From: ILPI Support <info**At_Symbol_Here**ILPI.COM>
Subject: [DCHAS-L] Cutting clothing: Was: [DCHAS-L] C&EN article on emergency decon
Date: Wed, 17 Apr 2019 17:50:46 -0400
Reply-To: ACS Division of Chemical Health and Safety <DCHAS-L**At_Symbol_Here**PRINCETON.EDU>
Message-ID: EDC3E3DA-7EAC-4A5F-887E-5C97486A40B1**At_Symbol_Here**
In-Reply-To <5cb792cd.1c69fb81.4c225.0541**At_Symbol_Here**>

Cutting clothing should be included in all accident response training, not just laboratory.

I observed this technique during my first major laboratory accident response (Cornell, previously detailed on the list an immortalized on Usenet archives).

The simple brilliance of this stuck with me.  When the second major one rolled around (MIT, also detailed previously) and I saw one of the victims about to remove an acid-splattered shirt by pulling it over his head and face, I was able to stop him and cut it off before he could spread the acid over a greater skin area.

Last month, I had another encounter with the tight clothing problem when a student volunteer on a Habitat for Humanity job site dislocated her shoulder when she brushed against a doorway. Apparently, her shoulder had a tendency to do that.  And since it was an early March cold day she was wearing one of those really tight/skinny (and expensive) North Face jackets.  She was in considerable pain at the ER, and the nurses wanted to get the jacket off to get her BP before seeing the doctor. It is nearly impossible to remove such a jacket with a dislocated shoulder without taking the pain level up a couple orders of magnitude. I mentioned to the student that cutting the jacket off was an option, but it was her call, and within seconds a couple pairs of trauma scissors appeared out of thin air.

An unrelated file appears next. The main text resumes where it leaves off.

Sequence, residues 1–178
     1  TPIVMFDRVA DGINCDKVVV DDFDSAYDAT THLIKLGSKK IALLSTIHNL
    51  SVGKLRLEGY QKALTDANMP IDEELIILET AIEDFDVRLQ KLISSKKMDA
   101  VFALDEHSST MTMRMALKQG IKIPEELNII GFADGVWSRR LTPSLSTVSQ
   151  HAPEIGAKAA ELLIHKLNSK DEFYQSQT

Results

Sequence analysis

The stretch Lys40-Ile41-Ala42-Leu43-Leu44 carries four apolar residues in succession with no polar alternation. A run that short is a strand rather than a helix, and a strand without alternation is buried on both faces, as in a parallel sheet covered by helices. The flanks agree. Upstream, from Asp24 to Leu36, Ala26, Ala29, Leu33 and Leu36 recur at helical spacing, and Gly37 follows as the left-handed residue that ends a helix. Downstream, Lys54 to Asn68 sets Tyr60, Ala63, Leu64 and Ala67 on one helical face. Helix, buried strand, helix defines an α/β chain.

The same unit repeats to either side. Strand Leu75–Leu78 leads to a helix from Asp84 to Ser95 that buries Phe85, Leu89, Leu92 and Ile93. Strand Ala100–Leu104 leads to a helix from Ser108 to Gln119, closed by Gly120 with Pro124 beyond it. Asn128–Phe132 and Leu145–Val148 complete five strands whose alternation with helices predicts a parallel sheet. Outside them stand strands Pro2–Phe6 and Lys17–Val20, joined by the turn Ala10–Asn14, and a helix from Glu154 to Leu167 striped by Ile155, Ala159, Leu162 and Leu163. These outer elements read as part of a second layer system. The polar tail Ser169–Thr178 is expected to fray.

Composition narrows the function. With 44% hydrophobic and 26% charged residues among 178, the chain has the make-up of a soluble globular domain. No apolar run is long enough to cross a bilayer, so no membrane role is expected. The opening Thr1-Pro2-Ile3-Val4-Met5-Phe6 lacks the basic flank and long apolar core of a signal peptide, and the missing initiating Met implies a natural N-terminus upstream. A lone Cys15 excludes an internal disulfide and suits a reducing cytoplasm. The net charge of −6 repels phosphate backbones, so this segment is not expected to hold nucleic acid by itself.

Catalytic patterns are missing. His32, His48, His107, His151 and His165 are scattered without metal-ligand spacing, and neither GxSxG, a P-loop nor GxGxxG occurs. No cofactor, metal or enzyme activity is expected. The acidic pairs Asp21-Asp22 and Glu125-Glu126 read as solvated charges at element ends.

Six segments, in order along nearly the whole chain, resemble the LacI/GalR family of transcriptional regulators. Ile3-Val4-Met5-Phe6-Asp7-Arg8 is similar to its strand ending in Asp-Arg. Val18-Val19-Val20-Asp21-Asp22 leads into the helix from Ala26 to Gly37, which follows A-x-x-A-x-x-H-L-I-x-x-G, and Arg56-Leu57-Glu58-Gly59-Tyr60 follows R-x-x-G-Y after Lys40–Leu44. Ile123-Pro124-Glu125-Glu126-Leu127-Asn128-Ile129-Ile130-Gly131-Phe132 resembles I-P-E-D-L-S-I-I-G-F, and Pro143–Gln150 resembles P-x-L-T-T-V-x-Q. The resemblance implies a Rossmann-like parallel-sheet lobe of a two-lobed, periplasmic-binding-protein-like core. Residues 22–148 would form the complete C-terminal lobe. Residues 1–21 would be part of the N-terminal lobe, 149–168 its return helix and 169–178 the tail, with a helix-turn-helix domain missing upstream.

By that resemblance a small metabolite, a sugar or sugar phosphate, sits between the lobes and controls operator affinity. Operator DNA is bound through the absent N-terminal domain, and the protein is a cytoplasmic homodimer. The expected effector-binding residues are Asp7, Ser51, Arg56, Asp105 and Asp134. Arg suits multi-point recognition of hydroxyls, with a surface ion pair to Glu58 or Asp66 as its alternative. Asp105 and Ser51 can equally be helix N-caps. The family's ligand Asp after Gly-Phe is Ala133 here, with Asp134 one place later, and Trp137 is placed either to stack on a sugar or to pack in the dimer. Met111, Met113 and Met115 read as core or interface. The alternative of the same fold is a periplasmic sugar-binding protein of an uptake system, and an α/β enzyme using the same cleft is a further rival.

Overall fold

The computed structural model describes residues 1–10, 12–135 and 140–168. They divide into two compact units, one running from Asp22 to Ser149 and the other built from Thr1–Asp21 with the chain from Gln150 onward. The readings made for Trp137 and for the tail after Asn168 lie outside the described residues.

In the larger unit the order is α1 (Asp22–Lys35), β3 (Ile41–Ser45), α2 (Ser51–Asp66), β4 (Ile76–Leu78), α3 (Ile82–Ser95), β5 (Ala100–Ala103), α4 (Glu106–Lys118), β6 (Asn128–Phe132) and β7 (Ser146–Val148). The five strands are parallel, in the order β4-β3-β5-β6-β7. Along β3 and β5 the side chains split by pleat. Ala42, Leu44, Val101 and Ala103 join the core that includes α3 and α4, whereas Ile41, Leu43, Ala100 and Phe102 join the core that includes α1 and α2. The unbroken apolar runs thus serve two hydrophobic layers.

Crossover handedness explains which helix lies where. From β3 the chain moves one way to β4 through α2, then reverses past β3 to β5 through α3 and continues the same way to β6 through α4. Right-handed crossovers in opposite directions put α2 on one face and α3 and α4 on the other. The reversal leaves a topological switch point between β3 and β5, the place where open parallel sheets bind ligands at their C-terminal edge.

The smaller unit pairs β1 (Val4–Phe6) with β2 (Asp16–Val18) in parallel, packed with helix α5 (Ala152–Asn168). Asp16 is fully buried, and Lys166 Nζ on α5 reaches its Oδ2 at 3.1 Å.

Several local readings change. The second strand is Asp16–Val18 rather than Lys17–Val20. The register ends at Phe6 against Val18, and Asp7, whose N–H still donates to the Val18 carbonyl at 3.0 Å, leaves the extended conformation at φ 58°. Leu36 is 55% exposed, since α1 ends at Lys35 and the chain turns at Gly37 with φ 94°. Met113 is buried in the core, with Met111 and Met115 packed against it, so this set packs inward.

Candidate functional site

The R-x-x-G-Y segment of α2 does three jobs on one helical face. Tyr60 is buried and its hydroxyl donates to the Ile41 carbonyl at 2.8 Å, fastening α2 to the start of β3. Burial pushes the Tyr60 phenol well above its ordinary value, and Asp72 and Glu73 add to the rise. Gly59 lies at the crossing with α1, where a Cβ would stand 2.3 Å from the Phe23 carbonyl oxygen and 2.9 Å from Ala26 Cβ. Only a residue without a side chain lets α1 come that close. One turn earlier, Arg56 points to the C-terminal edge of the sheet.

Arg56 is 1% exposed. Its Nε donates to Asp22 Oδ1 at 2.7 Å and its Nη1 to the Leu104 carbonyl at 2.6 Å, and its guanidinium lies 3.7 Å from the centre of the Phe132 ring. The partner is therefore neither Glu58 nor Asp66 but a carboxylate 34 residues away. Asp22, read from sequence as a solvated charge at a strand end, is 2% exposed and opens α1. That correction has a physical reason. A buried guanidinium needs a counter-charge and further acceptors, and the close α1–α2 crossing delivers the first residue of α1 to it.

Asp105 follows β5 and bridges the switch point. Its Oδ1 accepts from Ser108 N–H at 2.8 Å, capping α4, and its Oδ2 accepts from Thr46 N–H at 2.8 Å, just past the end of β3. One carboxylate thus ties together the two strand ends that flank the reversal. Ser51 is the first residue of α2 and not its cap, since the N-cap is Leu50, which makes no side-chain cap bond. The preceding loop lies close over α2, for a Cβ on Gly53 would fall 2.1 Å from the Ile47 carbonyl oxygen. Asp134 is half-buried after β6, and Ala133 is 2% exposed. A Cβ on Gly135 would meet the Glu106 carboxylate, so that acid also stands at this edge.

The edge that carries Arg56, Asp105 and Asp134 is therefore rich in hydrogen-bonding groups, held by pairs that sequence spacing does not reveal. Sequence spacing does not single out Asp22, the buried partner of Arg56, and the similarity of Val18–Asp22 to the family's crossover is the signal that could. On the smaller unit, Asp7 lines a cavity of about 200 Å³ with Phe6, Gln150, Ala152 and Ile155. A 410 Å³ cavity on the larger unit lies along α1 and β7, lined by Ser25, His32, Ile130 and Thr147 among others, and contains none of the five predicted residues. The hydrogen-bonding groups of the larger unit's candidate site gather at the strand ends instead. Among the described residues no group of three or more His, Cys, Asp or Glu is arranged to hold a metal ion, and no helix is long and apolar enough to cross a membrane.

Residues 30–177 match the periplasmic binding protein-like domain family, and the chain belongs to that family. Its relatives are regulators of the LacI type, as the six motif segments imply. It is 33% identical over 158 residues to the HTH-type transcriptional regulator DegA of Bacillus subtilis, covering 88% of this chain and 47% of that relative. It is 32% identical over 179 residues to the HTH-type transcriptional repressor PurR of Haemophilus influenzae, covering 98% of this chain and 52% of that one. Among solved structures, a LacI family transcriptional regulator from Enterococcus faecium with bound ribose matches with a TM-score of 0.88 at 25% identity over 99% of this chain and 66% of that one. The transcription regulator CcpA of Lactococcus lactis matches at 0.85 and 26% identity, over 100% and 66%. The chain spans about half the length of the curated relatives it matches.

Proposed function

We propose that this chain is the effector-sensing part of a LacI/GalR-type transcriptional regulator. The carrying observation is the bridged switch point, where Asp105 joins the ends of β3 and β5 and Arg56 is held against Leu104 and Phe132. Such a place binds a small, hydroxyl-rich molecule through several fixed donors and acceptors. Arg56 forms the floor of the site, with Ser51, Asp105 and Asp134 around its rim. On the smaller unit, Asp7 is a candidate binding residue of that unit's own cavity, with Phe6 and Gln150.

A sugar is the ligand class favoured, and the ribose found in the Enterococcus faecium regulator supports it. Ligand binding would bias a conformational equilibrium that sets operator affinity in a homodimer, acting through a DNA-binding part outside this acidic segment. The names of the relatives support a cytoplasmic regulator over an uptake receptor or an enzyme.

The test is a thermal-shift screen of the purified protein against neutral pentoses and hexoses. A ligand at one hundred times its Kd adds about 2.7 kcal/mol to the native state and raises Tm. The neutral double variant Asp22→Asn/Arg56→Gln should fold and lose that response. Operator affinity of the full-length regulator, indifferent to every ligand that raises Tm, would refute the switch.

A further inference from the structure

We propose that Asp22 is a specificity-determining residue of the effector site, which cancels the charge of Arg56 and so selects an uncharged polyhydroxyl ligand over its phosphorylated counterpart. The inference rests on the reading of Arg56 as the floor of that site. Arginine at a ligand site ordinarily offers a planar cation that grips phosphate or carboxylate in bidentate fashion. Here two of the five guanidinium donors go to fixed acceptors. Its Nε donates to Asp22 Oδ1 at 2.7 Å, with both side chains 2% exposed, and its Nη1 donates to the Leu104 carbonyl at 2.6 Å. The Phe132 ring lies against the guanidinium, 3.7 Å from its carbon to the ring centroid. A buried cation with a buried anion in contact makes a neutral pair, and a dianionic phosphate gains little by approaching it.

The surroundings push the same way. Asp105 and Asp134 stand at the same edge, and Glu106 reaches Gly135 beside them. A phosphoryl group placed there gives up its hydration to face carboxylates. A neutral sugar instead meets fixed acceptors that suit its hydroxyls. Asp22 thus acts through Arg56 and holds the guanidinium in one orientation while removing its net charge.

Ultimately, the scissors were not necessary.  Two nurses were working on the jacket sleeve, one trying to pull the jacket and the other trying to keep the extended arm from moving while two other nurses tried to stabilize the girl's elbow and shoulder. She was screaming at them to stop as it hurt so much, and was writhing in pain, but the nurse team persisted.  Apparently, it hurt so much that when she twisted in pain the shoulder popped back in on its own.

Interestingly, that brought up an immediate dilemma. Leave the ER at that point as no actual medical treatment had been administered, and avoid all kinds of expensive charges, or stay and get checked out, X-rays etc.  We had stepped out of the triage area to discuss her the options when a nurse came running over and snapped a hospital bracelet on her. I got a definite "Ha, now you're billable" vibe out of that.  Ah, the efficiency of the US medical system.

Anyway, take-home message: it's always a good idea to have a pair of sturdy scissors readily available.

Rob Toreki

Safety Emporium - Lab & Safety Supplies featuring brand names
you know and trust.  Visit us at
esales**At_Symbol_Here**  or toll-free: (866) 326-5412
Fax: (856) 553-6154, PO Box 1003, Blackwood, NJ 08012

From: Margaret Rakas
Sent: Wednesday, April 17, 2019 2:07 PM
Subject: Re: [DCHAS-L] C&EN article on emergency decon
this scenario--minus actually cutting the jeans--would be a great role play, especially making sure that proper PPE for the 'helper' was selected....